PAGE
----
Sublevel open stoping requires extensive development in and around the orebody during preproduction. Stope faces and side walls remain unsupported during ore extraction, while support for the country rock is developed as pillars are generated by stoping (Brady and Brown, 2006). The pillars may be left in place or extracted at a later time (Bullock and Hustrulid, 2001). Bighole stoping is a larger scale variant of sublevel open stoping that uses longer blast holes. This results in vertical spacings between sublevels of up to 60 m instead of 40 m for sublevel open stoping. Sublevel open stoping is applied in massive or steeply dipping stratiform orebodies. For an inclined orebody, the inclination of the stope footwall must exceed the angle of repose of the fragmented rock in order to promote free flow of rock through the stope to the extraction horizon. Since stopes in these methods are unsupported, the strength of the orebody and surrounding rockmass must be sufficient to provide stable walls, faces, and crown for stope excavations. Additionally, the orebody boundary must be regular to minimize dilution. Due to the blast hole drilling and blasting technique, the minimum orebody width for open stoping is approximately 6 m (Brady and Brown, 2006). Pillar recovery is a common practice in open stoping, made possible by the use of backfill placed into primary stope voids. The backfill replaces the support provided by the ore pillar, allowing for pillar extraction.
Artificial support in mine openings is intended to control both local, stope wall behaviour and near-field displacements. There are two main categories of artificial support for ground control: mechanized support (e.g. rockbolts) and backfill. Potentially unstable rock near an excavation boundary may be reinforced with rockbolts. Backfill is used to fill stope voids and can prevent the progressive disintegration of near-field rockmasses in low stress conditions (Brady and Brown, 2006). Artificially supported methods include bench-and-fill stoping, cut-and-fill stoping, shrink stoping, and vertical crater retreat (VCR).
Cut-and-fill stoping is a very versatile method that can be adapted to an orebody with any shape (Bullock and Hustrulid, 2001). It is a very selective mining method that most commonly advances up-dip in an inclined orebody. Mining costs are relatively high compared to other methods; recovery is also high, and dilution is low. As such, it is an appropriate method for high grade orebodies (Bullock and Hustrulid, 2001). Cut-and-fill is a very controlled cycle of mining that is repeated many times in a single deposit. The simplified steps are:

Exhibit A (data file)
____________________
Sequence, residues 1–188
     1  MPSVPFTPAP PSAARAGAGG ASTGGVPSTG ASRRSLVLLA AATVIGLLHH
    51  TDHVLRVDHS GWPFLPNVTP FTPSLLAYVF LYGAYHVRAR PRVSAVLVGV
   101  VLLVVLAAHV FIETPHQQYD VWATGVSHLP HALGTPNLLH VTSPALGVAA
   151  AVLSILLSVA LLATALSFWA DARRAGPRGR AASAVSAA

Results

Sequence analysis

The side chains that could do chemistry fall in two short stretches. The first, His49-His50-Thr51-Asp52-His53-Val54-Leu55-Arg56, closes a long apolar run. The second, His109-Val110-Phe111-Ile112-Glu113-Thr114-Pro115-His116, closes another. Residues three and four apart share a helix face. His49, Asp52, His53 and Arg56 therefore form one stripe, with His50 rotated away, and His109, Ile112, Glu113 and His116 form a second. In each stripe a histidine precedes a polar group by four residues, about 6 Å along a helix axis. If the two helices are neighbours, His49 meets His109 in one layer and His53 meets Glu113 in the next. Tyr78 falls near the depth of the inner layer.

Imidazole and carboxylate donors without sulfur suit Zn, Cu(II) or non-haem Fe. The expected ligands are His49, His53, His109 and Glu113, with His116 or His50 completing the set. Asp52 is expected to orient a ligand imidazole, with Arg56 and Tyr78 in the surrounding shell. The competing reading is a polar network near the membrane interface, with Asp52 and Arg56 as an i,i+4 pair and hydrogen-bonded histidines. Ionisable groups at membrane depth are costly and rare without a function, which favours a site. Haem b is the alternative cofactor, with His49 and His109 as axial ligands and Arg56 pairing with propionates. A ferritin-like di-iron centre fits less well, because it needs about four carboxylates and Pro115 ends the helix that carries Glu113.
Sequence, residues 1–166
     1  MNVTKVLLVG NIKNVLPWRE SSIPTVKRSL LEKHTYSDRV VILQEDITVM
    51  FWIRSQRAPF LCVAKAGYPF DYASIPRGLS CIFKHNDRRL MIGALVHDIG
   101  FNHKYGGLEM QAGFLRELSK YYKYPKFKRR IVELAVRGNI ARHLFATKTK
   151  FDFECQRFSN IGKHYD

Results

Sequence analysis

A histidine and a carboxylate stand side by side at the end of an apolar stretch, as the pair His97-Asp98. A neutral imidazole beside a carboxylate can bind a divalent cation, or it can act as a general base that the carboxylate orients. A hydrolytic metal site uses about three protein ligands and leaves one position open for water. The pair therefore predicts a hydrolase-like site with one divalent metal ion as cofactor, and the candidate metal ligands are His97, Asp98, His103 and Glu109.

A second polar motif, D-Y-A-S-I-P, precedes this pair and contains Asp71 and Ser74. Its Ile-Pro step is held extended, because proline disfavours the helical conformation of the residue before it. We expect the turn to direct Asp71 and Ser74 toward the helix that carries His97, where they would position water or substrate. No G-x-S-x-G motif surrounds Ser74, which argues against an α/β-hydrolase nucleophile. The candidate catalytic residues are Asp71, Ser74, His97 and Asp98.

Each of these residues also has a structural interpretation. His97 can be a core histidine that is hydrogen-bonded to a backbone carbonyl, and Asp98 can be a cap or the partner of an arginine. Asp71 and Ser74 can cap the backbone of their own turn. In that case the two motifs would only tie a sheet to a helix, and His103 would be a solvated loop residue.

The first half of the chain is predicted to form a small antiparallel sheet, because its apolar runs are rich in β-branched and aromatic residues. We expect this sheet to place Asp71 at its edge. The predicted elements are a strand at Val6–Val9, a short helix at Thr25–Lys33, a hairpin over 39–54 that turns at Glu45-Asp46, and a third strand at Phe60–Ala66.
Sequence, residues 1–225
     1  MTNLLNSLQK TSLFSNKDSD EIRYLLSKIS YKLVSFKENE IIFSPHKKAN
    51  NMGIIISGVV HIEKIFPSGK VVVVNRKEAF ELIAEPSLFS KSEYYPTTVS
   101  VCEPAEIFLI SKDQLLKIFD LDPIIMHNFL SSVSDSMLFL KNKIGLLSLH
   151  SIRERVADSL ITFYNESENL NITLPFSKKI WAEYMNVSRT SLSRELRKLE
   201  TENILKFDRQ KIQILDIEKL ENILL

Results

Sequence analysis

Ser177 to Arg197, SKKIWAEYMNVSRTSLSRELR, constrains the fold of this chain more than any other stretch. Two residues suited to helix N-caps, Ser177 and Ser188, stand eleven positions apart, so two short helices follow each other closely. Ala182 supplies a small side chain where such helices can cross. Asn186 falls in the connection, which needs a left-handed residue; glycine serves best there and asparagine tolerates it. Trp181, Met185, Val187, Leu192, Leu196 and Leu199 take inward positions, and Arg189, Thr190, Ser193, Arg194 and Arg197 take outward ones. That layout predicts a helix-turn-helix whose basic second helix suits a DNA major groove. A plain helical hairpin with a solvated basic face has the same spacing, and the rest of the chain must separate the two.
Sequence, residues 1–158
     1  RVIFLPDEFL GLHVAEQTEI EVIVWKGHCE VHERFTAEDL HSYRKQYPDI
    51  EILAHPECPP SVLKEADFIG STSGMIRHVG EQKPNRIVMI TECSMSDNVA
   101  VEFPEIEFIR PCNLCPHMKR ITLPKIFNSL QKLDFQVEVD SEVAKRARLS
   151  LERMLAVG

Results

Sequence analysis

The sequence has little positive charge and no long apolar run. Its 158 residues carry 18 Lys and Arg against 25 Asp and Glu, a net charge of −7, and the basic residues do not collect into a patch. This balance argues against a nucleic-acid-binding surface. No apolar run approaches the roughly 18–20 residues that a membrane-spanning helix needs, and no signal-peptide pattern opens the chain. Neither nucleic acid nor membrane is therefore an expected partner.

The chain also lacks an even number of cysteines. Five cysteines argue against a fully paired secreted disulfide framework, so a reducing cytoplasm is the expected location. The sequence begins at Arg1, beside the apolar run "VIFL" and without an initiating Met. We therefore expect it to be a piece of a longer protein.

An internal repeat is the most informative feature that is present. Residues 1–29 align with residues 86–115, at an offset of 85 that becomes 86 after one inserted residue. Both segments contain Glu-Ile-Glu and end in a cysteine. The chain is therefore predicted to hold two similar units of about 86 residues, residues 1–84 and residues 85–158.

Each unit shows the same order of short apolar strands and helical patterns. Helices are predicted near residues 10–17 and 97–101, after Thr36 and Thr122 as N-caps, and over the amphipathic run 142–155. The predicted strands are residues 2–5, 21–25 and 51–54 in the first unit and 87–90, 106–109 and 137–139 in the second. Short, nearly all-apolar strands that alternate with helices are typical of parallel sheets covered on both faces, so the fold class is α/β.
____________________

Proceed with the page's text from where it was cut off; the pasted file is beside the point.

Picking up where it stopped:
- Drilling and blasting, where a 3 m thick slice of rock is stripped from the crown of the stope;
- Scaling and support, where loose rock is removed from the stope crown and walls and lightweight support is installed;
- Ore loading and transport, where ore is mechanically transported in the stope to an ore pass; and
- Backfilling, where a layer of backfill with a depth equal to the thickness of the ore slice is placed on the stope floor (Brady and Brown, 2006).
The success of this method depends on continued stability of the rockmass surrounding the work area where miners work continuously. This is achieved through controlled blasting, application of local rock support, and more general ground control using backfill. Cut-and-fill stoping is applied in veins, inclined tabular orebodies and massive deposits. When mining a large enough orebody, mining can be divided into multiple sections separated by vertical pillars. This method is suitable for orebodies dipping 35-90 degrees in either shallow or deep locations. The backfill allows for a weaker country rock, but the orebody itself must be a competent rockmass (Brady and Brown, 2006). However, if the orebody strength is very poor, a variation on cut-and-fill, underhand cut-and-fill, may be used (Bullock and Hustrulid, 2001). The ore grade must be sufficiently high to withstand dilution from backfill, but the grade can also be variable since lenses below the cut-off grade can be left unmined (Brady and Brown, 2006).